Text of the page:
Quick note: I have not been writing on my blog because my computer charger broke, and so, even though I am now safely in the states, I will now be finishing up a last few entries for my trip, as well as discussing some of my related experiences as I travel back tonormal life here.
Alright, the name of this post refers to an orphanage of the same name that I visited twice during my trip. The first time was a couple weeks before I left and the second was on my way to leave the country. Nuestros Pequenos Hermanos is situated between Emanuel (Which is n Guaimaca) and the capital, Tegucigalpa. It was founded a little over 25 years ago and is Catholic run.
There were some similariteies between Emanuel and NPH but mainly there were a myriad of differences. The most obvious of which, for visitors at least, was the lay-out. Orphanage Emanuel is highly groomed. All the main roads are paved, there are lawns which get mowed once a week, fences and bushes line the roads and mark where one yard ends and another begins. NPH on the other hand is, from the front gate to the most distant soccer field, basically just a series of houses and buildings scattered with seemingly no pattern through the thick rain forest. Excepting one main, unpaved road, I only ever saw narrow footpaths, and you were lucky if these were anything more than just big enough for one person.
This was rather a rude awakening, as my time atEmanuel had been sheltered by the semi- American setting and lifestyle. Navigating the small paths a night in the middle of a thunderstorm was definitely… memorable! The rules there werealso much more relaxed. At Emanuel, you would never see even one of the older kids walking by themselves, unless they were running an errand for their encargada. From the beginning at NPH, however, Amy and I would run into random groups of kids just playing at a random swingset or walking through the woods. There was a sense of structure in that any passing staff member or volunteer might check on you, but there were no filas and rows. It was more like a family than a military camp, and, in that way, my visit there was very refreshing.
In some ways the lack of obvious structures could be frustrating, though. Amy and I spent close to an hour trying to find our house in the rain forest before we found someone who knew where it really was, but in the process we met a number of kids who tried to help us and would walk us from house to house showing us how different doors worked, “you pull this one out and then push it like so…”. After we finally found our rooms, we went to mass. That was a very different experience from the Spanish Hillsong worship and lecture style preaching of church at Emanuel,. The “church” was really more of a pavilion in the middle of the jungle. The authentic Spanish worship sung by hundreds of children and youth’s voices to the rhythm of a wooden drum mixed with the the sounds of birds and insects to create for me a completely foreign atmosphere and a treasured memory.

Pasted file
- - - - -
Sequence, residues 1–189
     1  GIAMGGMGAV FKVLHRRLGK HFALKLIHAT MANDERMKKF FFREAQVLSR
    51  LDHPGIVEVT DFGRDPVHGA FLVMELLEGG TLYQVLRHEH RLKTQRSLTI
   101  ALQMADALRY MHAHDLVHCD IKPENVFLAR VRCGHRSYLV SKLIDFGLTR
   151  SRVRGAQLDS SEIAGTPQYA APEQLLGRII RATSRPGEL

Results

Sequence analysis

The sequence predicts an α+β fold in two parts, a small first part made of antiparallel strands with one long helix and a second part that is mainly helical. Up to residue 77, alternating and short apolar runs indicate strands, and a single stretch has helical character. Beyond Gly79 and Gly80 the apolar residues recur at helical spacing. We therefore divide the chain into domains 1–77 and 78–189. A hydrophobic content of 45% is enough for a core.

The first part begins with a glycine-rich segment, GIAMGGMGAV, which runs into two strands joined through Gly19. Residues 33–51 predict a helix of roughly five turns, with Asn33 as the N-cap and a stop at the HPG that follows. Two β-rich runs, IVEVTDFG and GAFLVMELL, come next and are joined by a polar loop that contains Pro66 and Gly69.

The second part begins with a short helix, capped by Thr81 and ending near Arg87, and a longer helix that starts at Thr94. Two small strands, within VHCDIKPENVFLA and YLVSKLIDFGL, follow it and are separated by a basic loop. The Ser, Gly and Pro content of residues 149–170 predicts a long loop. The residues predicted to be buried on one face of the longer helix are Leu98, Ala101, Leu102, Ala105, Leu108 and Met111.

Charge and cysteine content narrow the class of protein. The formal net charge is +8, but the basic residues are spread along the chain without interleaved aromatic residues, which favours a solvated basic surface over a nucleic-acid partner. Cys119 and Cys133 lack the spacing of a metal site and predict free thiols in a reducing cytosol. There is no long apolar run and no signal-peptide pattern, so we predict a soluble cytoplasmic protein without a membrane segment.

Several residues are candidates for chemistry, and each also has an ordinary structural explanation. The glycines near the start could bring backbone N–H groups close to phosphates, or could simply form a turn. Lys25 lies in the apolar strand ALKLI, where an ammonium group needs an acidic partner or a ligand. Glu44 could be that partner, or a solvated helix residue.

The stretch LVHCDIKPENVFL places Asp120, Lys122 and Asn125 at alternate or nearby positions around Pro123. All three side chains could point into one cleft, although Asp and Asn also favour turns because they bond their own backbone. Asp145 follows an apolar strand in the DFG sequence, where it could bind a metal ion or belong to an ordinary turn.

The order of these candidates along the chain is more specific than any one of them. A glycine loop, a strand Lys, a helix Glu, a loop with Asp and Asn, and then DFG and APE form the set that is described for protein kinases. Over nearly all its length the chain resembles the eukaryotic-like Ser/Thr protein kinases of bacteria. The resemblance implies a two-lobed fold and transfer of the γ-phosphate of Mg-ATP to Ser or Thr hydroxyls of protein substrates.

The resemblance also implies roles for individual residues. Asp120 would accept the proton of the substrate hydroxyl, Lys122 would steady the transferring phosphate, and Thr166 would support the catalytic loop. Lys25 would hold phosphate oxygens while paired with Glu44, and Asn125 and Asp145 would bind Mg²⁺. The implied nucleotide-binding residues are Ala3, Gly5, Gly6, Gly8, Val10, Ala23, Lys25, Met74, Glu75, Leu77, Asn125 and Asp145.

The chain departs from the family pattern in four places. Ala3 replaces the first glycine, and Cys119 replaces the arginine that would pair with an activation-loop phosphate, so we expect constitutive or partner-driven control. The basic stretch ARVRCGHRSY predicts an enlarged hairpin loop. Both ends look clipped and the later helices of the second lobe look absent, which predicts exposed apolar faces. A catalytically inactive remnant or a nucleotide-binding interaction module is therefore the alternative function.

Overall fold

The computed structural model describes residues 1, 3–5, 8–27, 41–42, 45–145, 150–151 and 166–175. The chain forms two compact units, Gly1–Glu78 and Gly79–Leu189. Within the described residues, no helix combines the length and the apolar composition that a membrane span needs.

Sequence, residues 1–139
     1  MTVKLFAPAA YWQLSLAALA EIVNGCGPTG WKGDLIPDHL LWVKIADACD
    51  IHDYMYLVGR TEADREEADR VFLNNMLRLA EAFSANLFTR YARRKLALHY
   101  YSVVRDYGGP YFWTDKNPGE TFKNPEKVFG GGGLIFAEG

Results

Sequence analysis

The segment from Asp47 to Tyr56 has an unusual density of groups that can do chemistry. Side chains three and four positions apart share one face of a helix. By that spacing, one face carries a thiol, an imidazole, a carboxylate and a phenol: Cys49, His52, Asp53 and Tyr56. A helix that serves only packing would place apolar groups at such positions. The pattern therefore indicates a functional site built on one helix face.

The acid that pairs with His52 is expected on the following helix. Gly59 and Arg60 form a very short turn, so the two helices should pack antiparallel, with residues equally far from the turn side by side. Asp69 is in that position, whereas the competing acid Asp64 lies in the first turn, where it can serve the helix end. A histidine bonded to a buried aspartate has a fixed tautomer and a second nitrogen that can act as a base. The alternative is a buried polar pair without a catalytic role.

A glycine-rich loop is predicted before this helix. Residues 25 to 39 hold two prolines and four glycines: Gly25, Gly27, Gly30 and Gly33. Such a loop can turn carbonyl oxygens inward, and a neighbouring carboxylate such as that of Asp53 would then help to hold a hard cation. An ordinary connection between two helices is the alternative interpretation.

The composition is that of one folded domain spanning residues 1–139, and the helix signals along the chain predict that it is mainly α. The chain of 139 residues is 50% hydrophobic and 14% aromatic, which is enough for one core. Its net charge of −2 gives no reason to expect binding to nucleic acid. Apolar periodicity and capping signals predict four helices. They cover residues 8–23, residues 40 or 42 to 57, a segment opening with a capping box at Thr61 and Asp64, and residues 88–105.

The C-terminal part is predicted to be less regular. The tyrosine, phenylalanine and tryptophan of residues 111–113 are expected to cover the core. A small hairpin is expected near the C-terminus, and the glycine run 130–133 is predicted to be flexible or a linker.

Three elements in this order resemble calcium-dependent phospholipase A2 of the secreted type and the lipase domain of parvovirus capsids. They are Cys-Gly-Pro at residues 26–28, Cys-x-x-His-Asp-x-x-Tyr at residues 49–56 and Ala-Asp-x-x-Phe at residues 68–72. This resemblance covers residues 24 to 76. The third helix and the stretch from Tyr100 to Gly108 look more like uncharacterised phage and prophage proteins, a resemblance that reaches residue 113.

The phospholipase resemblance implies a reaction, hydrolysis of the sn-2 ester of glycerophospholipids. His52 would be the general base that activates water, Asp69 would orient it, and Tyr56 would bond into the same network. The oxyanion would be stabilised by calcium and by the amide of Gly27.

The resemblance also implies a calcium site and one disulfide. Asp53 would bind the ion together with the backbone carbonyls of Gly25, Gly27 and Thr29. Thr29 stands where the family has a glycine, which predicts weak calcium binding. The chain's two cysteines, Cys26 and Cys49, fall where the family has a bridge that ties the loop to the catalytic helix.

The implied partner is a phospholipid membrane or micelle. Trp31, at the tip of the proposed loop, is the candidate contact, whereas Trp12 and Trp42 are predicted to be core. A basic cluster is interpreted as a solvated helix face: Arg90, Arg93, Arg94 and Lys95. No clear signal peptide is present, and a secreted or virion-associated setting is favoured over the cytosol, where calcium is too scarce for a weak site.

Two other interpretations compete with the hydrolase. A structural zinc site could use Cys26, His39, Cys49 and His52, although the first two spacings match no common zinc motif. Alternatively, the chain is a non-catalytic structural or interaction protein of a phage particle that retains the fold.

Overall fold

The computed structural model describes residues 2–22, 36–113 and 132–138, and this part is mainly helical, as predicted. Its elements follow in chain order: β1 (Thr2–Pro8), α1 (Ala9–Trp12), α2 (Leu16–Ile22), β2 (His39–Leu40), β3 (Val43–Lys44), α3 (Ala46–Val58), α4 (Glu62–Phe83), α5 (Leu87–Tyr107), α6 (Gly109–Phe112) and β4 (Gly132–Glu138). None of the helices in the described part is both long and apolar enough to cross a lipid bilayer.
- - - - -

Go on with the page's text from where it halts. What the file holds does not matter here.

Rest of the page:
After dinner that night, we went to a talent show of sorts. I think that many times familiar things with a foreign twist and in a foreign language can seem more extraordinary than something completely foreign in all aspects. I suppose because your brain is trying to fit it into an old framework, and in so doing comparing and contrasting with that familiar object, instead of trying to create a completely new framework for your experience, but that is my philosophical commentary for the day!
Most of that night and the next day were spent talking with my friend’s sponsor kids and their friends, visiting them at their house, eating dinner with them, listening to music, etc. In the morning there was a soccer tournament with an outside team that we went to watch. The music at the event was really dirty and all in English. It made me wonder if there is music in foreign languages that I listen to that is really dirty or strange, but I simply have no clue because of the language barrier!Also, I ate rabbit for the first time! I was eating the meal they served at the game. It looked and tasted pretty much like fried chicken to me. When I was done eating one of the boys leans over and says, “Hey, that’s conejo!” My brain is desperately trying to translate, and then a little picture comes to mind of me and some of the mom’s at the baby house cleaning up stuffed animals. I pick up a cute lttle bunny… “Que es esto?”
“eso es un Conejo”
Brain comes to a halt.
Cute little stuffed animal= meat n my bowl…
Interesting, move on with life!
Thank you for all of your prayers and support! I still have a few posts left, so keep reading!